Observational Studies of Atmospheric Aerosols over Bozeman, Montana, Using a Two-Color Lidar, a Water Vapor DIAL, a Solar Radiometer, and a Ground-Based Nephelometer over a 24-h Period
Repasky, Kevin S.
Reagan, John A.
Nehrir, Amin R.
Hoffman, David S.
Thomas, Michael J.
Carlsten, John L.
Shaw, Glenn E.
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Coordinated observational data of atmospheric aerosols were collected over a 24-h period between 2300 mountain daylight time (MDT) on 27 August 2009 and 2300 MDT on 28 August 2009 at Bozeman, Montana (45.66°N, 111.04°W, elevation 1530 m) using a collocated two-color lidar, a diode-laser-based water vapor differential absorption lidar (DIAL), a solar radiometer, and a ground-based nephelometer. The optical properties and spatial distribution of the atmospheric aerosols were inferred from the observational data collected using the collocated instruments as part of a closure experiment under dry conditions with a relative humidity below 60%. The aerosol lidar ratio and aerosol optical depth retrieved at 532 and 1064 nm using the two-color lidar and solar radiometer agreed with one another to within their individual uncertainties while the scattering component of the aerosol extinction measured using the nephelometer matched the scattering component of the aerosol extinction retrieved using the 532-nm channel of the two-color lidar and the single-scatter albedo retrieved using the solar radiometer. Using existing aerosol models developed with Aerosol Robotic Network (AERONET) data, a thin aerosol layer observed over Bozeman was most likely identified as smoke from forest fires burning in California; Washington; British Columbia, Canada; and northwestern Montana. The intrusion of the thin aerosol layer caused a change in the atmospheric radiative forcing by a factor of 1.8 ± 0.5 due to the aerosol direct effect.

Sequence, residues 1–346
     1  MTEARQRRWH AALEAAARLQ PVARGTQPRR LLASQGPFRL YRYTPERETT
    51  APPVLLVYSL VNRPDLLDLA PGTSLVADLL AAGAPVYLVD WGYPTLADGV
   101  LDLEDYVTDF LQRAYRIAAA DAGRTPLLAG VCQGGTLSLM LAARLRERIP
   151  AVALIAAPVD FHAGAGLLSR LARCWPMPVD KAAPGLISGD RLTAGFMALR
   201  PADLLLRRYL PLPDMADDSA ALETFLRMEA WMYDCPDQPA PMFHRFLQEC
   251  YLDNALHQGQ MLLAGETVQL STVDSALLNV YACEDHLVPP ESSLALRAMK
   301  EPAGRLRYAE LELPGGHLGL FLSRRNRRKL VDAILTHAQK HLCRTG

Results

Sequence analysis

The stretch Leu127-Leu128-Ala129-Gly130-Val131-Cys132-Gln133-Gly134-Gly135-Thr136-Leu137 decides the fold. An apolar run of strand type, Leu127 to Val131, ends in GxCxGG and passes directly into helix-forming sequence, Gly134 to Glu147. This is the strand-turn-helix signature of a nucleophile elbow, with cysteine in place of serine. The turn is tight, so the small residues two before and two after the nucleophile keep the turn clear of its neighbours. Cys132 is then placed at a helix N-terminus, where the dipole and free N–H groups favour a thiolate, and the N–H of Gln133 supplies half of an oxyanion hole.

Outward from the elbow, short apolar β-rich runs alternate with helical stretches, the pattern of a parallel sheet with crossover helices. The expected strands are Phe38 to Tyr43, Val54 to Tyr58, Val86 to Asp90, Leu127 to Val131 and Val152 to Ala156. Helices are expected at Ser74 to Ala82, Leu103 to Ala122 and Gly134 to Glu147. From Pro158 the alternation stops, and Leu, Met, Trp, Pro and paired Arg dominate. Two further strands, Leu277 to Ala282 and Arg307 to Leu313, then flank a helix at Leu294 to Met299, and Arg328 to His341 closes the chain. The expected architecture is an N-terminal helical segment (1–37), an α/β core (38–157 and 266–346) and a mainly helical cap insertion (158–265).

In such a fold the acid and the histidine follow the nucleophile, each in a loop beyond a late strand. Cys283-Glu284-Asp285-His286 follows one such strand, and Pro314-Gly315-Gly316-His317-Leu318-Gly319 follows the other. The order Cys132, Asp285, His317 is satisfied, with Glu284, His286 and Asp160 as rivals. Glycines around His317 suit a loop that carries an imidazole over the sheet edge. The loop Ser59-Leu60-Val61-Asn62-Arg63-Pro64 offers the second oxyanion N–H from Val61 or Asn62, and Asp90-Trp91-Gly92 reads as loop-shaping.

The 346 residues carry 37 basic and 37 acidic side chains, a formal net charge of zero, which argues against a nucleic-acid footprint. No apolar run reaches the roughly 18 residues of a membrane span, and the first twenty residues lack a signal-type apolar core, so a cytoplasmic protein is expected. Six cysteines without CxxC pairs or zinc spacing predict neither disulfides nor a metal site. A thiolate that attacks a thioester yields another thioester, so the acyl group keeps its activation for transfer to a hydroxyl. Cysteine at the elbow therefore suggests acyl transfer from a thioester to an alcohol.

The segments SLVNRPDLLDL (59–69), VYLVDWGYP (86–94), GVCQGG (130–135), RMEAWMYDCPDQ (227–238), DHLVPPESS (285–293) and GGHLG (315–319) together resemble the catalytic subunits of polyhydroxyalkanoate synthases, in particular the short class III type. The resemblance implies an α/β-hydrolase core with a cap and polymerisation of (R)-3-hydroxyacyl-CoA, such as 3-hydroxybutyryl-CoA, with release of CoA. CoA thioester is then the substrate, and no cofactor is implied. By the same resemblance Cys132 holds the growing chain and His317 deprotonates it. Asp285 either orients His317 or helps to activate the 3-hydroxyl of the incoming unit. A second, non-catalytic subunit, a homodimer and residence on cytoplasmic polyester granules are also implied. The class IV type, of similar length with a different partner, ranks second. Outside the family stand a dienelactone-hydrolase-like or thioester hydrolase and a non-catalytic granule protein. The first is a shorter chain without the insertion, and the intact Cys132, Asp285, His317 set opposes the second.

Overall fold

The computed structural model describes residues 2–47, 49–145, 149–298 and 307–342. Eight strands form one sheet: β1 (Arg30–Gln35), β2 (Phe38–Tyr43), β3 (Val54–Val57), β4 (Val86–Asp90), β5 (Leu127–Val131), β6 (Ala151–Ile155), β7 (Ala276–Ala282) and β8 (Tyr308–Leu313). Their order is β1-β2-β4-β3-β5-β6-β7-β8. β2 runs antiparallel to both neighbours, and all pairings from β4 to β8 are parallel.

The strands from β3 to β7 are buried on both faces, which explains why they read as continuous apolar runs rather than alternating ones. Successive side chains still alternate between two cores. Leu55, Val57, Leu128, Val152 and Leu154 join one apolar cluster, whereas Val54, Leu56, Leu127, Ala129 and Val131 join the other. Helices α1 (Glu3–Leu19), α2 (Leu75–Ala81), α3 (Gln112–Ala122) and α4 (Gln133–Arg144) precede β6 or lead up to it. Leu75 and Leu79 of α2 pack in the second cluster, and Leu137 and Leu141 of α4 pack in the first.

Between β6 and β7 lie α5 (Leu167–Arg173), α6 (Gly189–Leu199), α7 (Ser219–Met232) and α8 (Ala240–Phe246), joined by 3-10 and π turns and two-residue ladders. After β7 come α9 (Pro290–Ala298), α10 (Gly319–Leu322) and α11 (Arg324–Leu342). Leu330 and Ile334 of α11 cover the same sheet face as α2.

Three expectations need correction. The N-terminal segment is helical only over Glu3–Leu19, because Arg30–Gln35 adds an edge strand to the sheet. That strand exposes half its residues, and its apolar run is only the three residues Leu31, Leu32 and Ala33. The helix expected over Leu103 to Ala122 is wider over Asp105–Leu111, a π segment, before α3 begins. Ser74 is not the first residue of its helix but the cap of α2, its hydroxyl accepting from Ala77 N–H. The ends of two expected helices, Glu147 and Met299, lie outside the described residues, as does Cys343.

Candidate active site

Repasky, Kevin S., John A. Reagan, Amin R. Nehrir, David S. Hoffman, Michael J. Thomas, John L. Carlsten, Joseph A. Shaw, and Glenn E. Shaw. “Observational Studies of Atmospheric Aerosols over Bozeman, Montana, Using a Two-Color Lidar, a Water Vapor DIAL, a Solar Radiometer, and a Ground-Based Nephelometer over a 24-h Period.” Journal of Atmospheric and Oceanic Technology 28, no. 3 (March 2011): 320–336. doi:10.1175/2010jtecha1463.1.
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